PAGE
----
News / Economy

German Employers' Leader: Minimum Wage Would Harm Competitiveness

Ingo Kramer, the new elected chairman of the Confederation of German Employers' Association (BDA), makes a point during his speech at a gala dinner as part of an employers meeting in Berlin. Nov. 18, 2013.
Ingo Kramer, the new elected chairman of the Confederation of German Employers' Association (BDA), makes a point during his speech at a gala dinner as part of an employers meeting in Berlin. Nov. 18, 2013.
Reuters
— The leader of Germany's employers' federation said on Tuesday the next government's welfare plans and the introduction of a minimum wage would endanger competitiveness.

A day after being elected head of the BDA, Ingo Kramer said Chancellor Angela Merkel's conservatives and the center-left Social Democrats [SPD] - in talks to form a coalition government - were not focussing on the right issues.

“When I look at the current topics of the coalition negotiations, I don't always get the impression that the emphasis is right,” said Kramer.

“Further benefits for pensions, care, family and healthcare  are being discussed. Minimum wages and new labor market regulations, higher public spending and higher contribution burdens are being discussed,” he said.

“But does that give us the right to put at risk the competitiveness that was won back after hard years by putting companies into a new corset of constricting rules?” he asked.

Merkel's conservatives emerged from September's election as the largest force, but fell short of a majority. Talks with the SPD are advancing and a coalition government is expected to be sworn in by Christmas.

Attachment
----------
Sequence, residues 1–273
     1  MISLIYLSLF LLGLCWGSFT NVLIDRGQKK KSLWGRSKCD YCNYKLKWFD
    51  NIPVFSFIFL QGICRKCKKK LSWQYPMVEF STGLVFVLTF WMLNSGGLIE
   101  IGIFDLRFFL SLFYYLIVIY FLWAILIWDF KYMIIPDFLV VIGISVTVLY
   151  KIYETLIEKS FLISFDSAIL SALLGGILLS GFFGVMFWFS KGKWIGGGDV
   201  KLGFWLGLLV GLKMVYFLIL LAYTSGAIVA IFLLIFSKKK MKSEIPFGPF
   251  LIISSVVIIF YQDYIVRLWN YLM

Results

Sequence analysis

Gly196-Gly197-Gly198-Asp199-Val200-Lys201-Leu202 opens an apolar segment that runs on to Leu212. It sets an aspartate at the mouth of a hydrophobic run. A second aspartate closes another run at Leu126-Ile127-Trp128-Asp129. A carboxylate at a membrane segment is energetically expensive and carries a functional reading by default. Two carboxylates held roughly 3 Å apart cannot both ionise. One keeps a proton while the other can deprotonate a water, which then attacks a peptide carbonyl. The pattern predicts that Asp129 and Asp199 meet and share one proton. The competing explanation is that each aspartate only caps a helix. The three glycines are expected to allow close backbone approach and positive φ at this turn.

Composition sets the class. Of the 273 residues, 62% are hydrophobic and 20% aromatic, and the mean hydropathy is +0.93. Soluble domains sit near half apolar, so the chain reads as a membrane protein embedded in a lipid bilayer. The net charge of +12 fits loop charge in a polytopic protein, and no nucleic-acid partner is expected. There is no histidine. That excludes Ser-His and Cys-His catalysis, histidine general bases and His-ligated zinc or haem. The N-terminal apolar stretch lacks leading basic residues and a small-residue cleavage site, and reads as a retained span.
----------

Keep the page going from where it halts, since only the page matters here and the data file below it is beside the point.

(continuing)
The German economy has continued expanding during the eurozone crisis that has hit many of its trading partners hard.

The economy stagnated in the first quarter of 2013, and though it achieved growth of 0.7 percent in the second quarter, preliminary data shows it expanded by just 0.3 percent between July and September as exports weighed.

Minimum wage

Among plans being discussed in the coalition talks are a nationwide minimum wage, a hike in pensions for mothers with children born before 1992 and steps that would make it more attractive for people to stop working before they reach the statutory retirement age of 67.

Germany has faced criticism from abroad over its perennial trade surpluses and many have said stronger domestic demand, fueled by higher wages, is needed to counter imbalances that have put strains on the euro zone.

But Kramer said he was appalled by plans to introduce a minimum wage of 8.50 euros per hour, saying it would jeopardized the goal of full employment.

Merkel has signaled a readiness to accept the minimum wage. The SPD has said a failure to get this would be a deal-breaker.

“Nobody should be under any illusion: a long-term jobless person, who hasn't worked for many years and has no training, will get no entry into work in many branches and regions for a state-prescribed hourly wage of 8.50 euros,” said Kramer.

Labor and welfare reforms introduced by former SPD Chancellor Gerhard Schroeder in 2003 have been credited with boosting German competitiveness and shielding the economy from the worst of the global financial and the eurozone crises.

Merkel on Monday prepared the BDA for more labor market regulation, saying flexibility had led “in turn to abuse.”

Kramer said courts were able to pursue such abuses under current laws. He said companies were investing less than before the financial crisis and did not need new legal burdens.

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